Lean and green.

It’s a description of what Osceola County wants to look like. It might take until 2060, county officials said at Monday’s Board of County Commissioners meeting, but there’s a plan.

“Green” initiative plans, and a review of county green space requirements, were shared in separate presentations Monday.

Strategic Initiatives Manager Jeff Jones offered up ways that greenhouse gases – produced most by electricity consumption and transportation – can be cut around the county.

“Climate change is a global concern, but local governments play an important role in this to affect it over time,” he said.

Among the topics were:

Energy efficient buildings – by 2060, Jones said new buildings will produce enough renewable energy to meet their consumption requirements.

Waste reduction – By 2060, the county’s vision for the landfill will be this: who needs it? By expanding recycling and repurposing waste like food and landscape remains, the need to send solid waste to a landfill can possibly be eliminated.

Water conservation – With advances in landscaping, a 30 percent reduction in usage can be achieved.

Sustainable transportation and land use models – The goal here is to move work and other trips closer to home, shortening trips and reducing traffic and automobile dependence.

“It’s about adapting to environmental change that’s already occurred,” Jones said.

County commissioners also had their ideas to add to the list. Viviana Janer suggested increased composting and vegetable gardens in neighborhoods where they aren’t HOA-restricted, Brandon Arrington brought up keeping a high amount of permeable surfaces that can direct rainwater back into the ground and aquifer, and Peggy Choudhry, staying topical with the recent discussion, heated by many, of coal ash, wanted to make sure landfills follow all local, state and federal laws.

Commission Chair Cheryl Grieb said tackling green initiatives is a daunting yet one-step-at-a-time process.

“We’ll take bites of this elephant going forward,” she said.

Keeping open spaces aesthetics, recreation and gathering, ecological concerns or, just shade, help in that as well, and Community Development’s Susan Caswell followed that presentation with one about the county’s green space requirements.

County development requirements, in general, obligate developers to set aside 20 percent of land in a residential project and 15 percent of a non-residential ones to accessible open spaces. Those can include wetlands, ponds, buffer zones, school recreation areas, trails, civic spaces, recreational facilities and trees. They’re built into the development requirements.

Caswell showed an aerial picture of a local big-box store, with its large building and acres of parking. Then she noted the numerous sidewalks and buffers and the hundreds of trees on the site.

“This is how to maintain urban standards for centers,” she said.

An in-depth discussion of the GHG reduction initiative, which focused on five recommended goals, policies and related actions, will be included in Osceola County’s annual strategic planning exercise in early 2020:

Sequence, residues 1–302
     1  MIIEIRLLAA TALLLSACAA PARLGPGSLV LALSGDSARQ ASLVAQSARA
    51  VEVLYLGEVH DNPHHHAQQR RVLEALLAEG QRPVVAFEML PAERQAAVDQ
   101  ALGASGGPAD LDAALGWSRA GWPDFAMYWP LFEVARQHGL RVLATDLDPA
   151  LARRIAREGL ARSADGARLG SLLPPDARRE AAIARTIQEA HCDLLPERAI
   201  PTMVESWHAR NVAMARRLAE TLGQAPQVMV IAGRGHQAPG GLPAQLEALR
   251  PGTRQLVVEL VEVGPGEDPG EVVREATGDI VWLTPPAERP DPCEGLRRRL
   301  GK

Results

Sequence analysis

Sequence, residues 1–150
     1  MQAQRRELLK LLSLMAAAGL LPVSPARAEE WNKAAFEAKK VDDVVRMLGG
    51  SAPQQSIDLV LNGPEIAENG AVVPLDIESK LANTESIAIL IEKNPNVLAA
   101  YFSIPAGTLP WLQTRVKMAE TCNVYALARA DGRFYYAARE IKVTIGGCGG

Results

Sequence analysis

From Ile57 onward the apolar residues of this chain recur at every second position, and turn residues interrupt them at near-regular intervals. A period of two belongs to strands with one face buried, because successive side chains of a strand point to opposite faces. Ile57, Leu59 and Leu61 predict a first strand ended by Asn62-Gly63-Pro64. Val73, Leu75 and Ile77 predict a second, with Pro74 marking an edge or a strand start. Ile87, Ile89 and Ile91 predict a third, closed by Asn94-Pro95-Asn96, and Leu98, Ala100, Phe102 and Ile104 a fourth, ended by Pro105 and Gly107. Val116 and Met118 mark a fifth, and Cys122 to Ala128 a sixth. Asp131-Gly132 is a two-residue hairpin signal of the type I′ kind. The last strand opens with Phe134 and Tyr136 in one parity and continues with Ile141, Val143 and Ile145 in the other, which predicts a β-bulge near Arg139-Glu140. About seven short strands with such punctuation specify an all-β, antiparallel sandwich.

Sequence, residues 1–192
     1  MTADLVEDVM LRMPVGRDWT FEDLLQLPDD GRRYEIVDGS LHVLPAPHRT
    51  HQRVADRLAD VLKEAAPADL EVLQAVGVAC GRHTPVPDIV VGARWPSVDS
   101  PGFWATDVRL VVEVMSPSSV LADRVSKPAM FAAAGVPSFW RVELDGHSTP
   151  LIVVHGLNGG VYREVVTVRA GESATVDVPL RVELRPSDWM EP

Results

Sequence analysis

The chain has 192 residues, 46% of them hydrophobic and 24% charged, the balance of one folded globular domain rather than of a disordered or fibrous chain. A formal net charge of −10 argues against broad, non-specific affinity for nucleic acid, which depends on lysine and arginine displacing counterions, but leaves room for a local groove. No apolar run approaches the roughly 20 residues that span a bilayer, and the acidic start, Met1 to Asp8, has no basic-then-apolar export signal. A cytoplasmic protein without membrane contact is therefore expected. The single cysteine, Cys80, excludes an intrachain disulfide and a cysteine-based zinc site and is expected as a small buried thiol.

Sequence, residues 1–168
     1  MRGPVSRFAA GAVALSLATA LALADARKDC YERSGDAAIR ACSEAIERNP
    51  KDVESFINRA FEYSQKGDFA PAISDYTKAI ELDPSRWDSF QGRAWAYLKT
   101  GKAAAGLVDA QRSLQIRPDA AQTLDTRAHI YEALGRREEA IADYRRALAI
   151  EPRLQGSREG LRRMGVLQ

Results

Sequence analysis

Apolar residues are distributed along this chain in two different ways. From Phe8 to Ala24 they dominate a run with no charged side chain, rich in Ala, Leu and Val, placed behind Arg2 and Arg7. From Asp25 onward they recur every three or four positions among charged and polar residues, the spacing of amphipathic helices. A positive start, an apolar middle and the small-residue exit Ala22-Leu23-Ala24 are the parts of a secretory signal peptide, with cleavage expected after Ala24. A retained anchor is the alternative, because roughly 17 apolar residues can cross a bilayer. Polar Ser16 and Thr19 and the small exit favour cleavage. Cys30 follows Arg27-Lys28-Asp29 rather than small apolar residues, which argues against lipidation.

1. Sustainable Land and Use Patterns.
Goal: By 2060, Mixed Use Developments (MXD) will make it possible to meet daily needs with fewer and shorter auto trips, reducing traffic emissions by 75%.
Policy/Actions: Support the creation of mixed-use developments (MXD) – essentially “live, work and play” neighborhoods – that will lead to daily routines with reduced vehicle miles, and thus, reduced vehicle emissions. Advocate for electric vehicles, mixed use principles, economic development aligned with MXD.

2. Energy Efficiency.
Goal: By 2060, new buildings will produce enough renewable energy to meet their annual consumption requirements.
Policy/Actions: Decrease the use of electricity and promote energy conservation through energy efficient buildings and facilities (public and private sector). Obtain green building certifications; Retrofit County buildings; Amend LDC; Promote rainwater harvesting; Invest in Solar power and Green roofs; support PACE/Home renovation programs

3. Water Conservation
Goal: By 2060, per-capita potable water consumption is reduced by 30%.
Policy/Actions: Promote public and private programs that encourage water conversation, including the use of Florida-friendly landscaping and best-practice fertilizer ordinances, as well as the continued acquisition of sensitive lands and coordination with Water Management Districts.

4. Waste Reduction
o Goal: By 2060, the County eliminates sending solid waste to the landfill.
o Policy/Actions: Promote a strategy of reduce, reuse, and recycle that minimizes waste production and maximizes recycling; Promote construction & demolition recycling; Encourage reusable bags; Reduce landscape waste; Donate excess produce; Expand recycling to multifamily; Support composting program, as well as recycling/composting at public events.

5. Adapt to environmental change
Goal: Minimize vulnerability to the consequences of changes to the natural environment by increasing the County’s ability to deal with the impacts of environmental change.
Policy/Actions: Create a strongly engaged public/citizenry through education and advocacy; Increase urban tree cover; Implement Urban Forest Management Plan; Build strong partnerships with best-practice organizations; Manage fire hazard areas.